The most disappointing aspect is that it seems to completely negate the events of the first two films–and by extension, the existence of the fourth movie itself. Unless there is a fifth installment planned to explain what happened between films two and four, it would seem that nobody thought out the implications of this movie. The end was also somewhat overdone; again, unless there is another film planned to explain it all, it leads to more questions than it answers, and they’re the sort of questions that suggest the creators simply figured people will sit back and appreciate the fear factor regardless of how much it seems to conflict with the previous movies. Given the cult status of the first film, it seems a shame to throw it all away for a quick scare.
Random sidenote: As of the time I’m writing this, there is something bizarre going on with the imdb page for PA4. There are two black cast members listed in lieu of the parents, the boy who plays Wyatt is not listed, and Ben is listed as another Alex:
This season’s premiere of the Walking Dead opened with a lot of action, but unfortunately the characterization was not a huge improvement over last year. This seems like it’s going to remain a show I watch in order to see what happens rather than because I’m rooting for the characters (besides Daryl, naturally).
I’m torn because I love zombie properties, but I’ve always favored character-driven rather than concept-driven television. It’s a new experience for me to sit and watch people I really don’t like for 44 minutes. No matter how cool a scene is, it’s very hard for me to be invested in it if I don’t care about the characters. Even with the characters I do like, it’s more of a lukewarm appreciation rather than the passion that I normally feel towards my favorite characters. To be fair, that may also be because most of the characters I like are minor ones, and their stories have been abbreviated in order to accommodate the unending and uninspiring soap opera between Rick, Lori, and Shane. Despite all hopes the contrary, Shane’s death hasn’t put the slightest dent in the writers’ enthusiasm for this tortuous and wholly unnecessary drama.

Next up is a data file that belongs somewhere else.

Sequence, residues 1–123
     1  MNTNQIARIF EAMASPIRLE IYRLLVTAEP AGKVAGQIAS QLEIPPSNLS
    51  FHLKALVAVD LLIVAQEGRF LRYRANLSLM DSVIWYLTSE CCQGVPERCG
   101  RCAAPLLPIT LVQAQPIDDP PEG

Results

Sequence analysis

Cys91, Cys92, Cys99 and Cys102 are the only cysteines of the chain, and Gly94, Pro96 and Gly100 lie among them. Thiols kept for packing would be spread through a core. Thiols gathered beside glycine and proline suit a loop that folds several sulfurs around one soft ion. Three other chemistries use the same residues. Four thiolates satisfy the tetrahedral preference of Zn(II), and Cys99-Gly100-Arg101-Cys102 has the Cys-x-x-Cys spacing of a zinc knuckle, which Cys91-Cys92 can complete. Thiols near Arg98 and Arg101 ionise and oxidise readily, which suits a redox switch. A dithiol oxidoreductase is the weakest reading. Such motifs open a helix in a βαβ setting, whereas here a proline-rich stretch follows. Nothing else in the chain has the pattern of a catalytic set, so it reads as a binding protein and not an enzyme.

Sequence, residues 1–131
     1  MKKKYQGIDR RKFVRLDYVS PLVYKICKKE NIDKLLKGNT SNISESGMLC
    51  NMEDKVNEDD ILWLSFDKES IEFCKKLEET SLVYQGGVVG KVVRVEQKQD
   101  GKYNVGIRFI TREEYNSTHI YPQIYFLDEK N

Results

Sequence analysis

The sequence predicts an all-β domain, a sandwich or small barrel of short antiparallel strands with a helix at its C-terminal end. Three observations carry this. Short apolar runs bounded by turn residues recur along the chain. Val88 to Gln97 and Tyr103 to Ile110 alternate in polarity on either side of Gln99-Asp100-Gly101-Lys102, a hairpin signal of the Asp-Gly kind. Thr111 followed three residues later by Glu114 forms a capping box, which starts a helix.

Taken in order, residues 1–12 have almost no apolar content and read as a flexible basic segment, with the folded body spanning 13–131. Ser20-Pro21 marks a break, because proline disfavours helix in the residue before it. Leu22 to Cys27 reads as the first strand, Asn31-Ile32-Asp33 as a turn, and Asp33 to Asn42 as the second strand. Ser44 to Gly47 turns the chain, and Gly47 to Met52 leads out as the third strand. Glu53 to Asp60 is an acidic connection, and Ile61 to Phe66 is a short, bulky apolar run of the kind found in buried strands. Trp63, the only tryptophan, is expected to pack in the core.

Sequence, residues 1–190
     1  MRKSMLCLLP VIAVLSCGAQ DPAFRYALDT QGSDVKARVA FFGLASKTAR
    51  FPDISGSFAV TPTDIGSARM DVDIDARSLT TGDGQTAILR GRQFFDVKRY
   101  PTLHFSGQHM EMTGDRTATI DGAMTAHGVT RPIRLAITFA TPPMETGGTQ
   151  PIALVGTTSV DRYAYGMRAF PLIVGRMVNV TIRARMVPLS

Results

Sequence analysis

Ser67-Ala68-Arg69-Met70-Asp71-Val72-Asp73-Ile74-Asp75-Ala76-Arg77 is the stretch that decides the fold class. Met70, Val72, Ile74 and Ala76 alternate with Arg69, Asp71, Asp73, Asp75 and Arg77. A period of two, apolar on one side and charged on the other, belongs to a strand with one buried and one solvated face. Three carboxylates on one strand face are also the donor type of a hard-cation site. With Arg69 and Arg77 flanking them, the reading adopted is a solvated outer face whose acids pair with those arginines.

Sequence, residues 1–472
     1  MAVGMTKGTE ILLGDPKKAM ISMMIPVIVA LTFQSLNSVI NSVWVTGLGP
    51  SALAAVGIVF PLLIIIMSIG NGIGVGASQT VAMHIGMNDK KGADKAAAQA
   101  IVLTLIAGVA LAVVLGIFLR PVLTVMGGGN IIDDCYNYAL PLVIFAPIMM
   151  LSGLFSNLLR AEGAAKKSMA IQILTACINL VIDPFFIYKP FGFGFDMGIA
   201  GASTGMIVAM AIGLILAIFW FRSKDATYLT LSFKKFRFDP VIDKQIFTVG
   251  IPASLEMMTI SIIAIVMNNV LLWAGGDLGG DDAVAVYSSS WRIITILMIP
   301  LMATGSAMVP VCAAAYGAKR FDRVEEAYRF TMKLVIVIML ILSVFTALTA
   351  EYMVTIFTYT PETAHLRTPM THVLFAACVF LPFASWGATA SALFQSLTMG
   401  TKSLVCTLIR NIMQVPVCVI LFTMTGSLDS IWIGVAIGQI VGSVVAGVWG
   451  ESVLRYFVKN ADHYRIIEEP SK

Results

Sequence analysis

Michonne was by far the biggest highlight of the episode; I spent most of the premiere wishing she and Andrea had more screen time. The prisoner reveal at the end brings the hope that the cast might be rounded out with a few more likeable people. If only we could count on Rick, Lori, and Carl all going the way of Dale and Shane, the show would look as if it were going to be downright good, especially with the eventual addition of the Governor. Is it wrong that I find myself rooting for him just because I know he’s going to challenge Rick?
On a more unfortunate note, it seems the writers–for reasons known only to themselves–decided to take a page from George Lucas’s handbook and set up a romance between a child and a teenage girl, to take the characters to new heights of repulsiveness, and possibly to prove that the writers just aren’t terribly fond of women. This is one trainwreck I hope gets dealt with quickly rather than be allowed to drag out over the course of the season.